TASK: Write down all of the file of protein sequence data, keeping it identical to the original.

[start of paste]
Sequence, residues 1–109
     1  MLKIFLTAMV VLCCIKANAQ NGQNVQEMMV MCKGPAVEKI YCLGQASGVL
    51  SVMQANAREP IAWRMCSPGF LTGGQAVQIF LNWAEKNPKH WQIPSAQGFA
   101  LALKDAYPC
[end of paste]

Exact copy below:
Sequence, residues 1–109
     1  MLKIFLTAMV VLCCIKANAQ NGQNVQEMMV MCKGPAVEKI YCLGQASGVL
    51  SVMQANAREP IAWRMCSPGF LTGGQAVQIF LNWAEKNPKH WQIPSAQGFA
   101  LALKDAYPC